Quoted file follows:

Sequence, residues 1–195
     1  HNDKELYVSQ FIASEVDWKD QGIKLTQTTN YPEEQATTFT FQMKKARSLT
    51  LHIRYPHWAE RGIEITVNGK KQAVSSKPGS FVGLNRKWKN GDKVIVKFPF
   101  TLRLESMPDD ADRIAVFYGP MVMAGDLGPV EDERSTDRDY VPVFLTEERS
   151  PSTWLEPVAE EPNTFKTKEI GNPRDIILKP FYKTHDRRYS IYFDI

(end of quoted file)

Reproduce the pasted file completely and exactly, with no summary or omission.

Sequence, residues 1–195
     1  HNDKELYVSQ FIASEVDWKD QGIKLTQTTN YPEEQATTFT FQMKKARSLT
    51  LHIRYPHWAE RGIEITVNGK KQAVSSKPGS FVGLNRKWKN GDKVIVKFPF
   101  TLRLESMPDD ADRIAVFYGP MVMAGDLGPV EDERSTDRDY VPVFLTEERS
   151  PSTWLEPVAE EPNTFKTKEI GNPRDIILKP FYKTHDRRYS IYFDI